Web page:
Kyrgyzstan has extradited a Kazakhstan activist back to his country – even though he faces politically-motivated criminal charges and is at risk of being tortured.
It is utterly outrageous.
Kyrgyz officers took Murat Tungishbaev away late on Tuesday night, a day after a Bishkek court upheld an extradition order issued by Kyrgyzstan’s prosecutor general. They did it without allowing him any time to appeal, as he has the right to do under Kyrgyz law.
It is also bitterly ironic. They bundled Tungishbaev off on the International Day in Support of Victims of Torture. Yet Tungishbaev is in now custody of Kazakhstan’s law-enforcement, where he is at real risk of torture and ill-treatment. The UN has previously expressed “particular concern” about “persistent allegations of torture and ill-treatment committed by law enforcement officials” in Kazakhstan.
Tungishbaev had a pending asylum claim in Kyrgyzstan. But Kyrgyz officials prevented migration officers from interviewing Tungishbaev – who was in a holding cell – to begin processing his claim.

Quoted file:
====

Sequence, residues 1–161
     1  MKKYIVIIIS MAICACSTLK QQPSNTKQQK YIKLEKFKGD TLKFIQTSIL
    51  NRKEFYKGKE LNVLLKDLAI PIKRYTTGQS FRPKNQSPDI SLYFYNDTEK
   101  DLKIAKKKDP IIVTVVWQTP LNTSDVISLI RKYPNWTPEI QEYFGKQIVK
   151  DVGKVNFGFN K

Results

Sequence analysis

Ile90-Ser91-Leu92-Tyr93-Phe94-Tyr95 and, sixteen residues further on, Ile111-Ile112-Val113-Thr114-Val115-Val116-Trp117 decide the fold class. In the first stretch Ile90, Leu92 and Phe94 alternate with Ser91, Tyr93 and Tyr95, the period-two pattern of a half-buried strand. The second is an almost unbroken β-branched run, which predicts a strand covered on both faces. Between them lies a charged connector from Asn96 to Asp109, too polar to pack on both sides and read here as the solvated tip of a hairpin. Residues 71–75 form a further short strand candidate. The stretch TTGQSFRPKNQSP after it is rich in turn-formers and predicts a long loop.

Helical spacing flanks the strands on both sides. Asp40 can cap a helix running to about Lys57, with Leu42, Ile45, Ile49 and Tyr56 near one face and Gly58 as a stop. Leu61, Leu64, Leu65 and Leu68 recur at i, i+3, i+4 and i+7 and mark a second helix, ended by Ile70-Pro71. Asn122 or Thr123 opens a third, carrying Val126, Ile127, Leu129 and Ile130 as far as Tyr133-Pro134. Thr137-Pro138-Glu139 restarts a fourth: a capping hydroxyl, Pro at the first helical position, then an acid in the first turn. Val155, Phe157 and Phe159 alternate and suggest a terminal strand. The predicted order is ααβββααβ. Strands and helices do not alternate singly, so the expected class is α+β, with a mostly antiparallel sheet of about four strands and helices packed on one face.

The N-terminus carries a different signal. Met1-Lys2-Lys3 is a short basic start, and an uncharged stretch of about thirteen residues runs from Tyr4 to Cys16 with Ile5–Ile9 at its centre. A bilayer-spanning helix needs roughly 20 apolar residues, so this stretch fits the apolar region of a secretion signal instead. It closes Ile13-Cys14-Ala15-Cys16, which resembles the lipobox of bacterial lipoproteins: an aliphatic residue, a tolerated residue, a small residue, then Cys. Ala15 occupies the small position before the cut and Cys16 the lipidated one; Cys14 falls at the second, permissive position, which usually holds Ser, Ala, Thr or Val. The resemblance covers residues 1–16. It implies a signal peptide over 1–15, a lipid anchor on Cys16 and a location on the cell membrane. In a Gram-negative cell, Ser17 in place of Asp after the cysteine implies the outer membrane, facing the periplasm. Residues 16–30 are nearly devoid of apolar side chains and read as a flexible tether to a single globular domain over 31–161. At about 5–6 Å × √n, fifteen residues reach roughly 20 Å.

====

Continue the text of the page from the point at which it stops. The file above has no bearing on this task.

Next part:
Tungishbaev should never have been sent back to Kazakhstan while his asylum claim was pending.
Tungishbaev fled Kazakhstan in 2012, after security services summoned him for reporting on the oil workers’ strike and an outbreak of violence in the town of Zhanaozen in 2011. For two years after he fled, Tungishbaev worked for the opposition online television channel 16/12. Kazakhstan authorities have accused Tungishbaev of supporting the activities of an unregistered opposition movement, the Democratic Choice of Kazakhstan (DVK), that a Kazakh court in March found “extremist” and banned.
Tungishbaev is one of many critical voices Kazakh authorities have tried to silence through politically-motivated criminal charges.
Kyrgyzstan’s international partners – the United States; Germany; the United Kingdom; and the European Union, which is currently considering upgrading relations with Kyrgyzstan – should take serious note of Kyrgyzstan’s abject failure to respect their international obligations to protect Tungishbaev and uphold his rights.
Extraditing an activist to risk of torture, keeping a human rights defender locked up for life, banning rights defenders and journalists from Kyrgyzstan, restricting media freedoms, bride kidnapping, domestic violence – these and other rights abuses persist in the face of Kyrgyzstan leadership’s claims to “create a state where human rights are respected, on democratic principles.”
Tungishbaev’s extradition is a stark reminder just how much work there is still to do to ensure basic rights protections for people in Kyrgyzstan.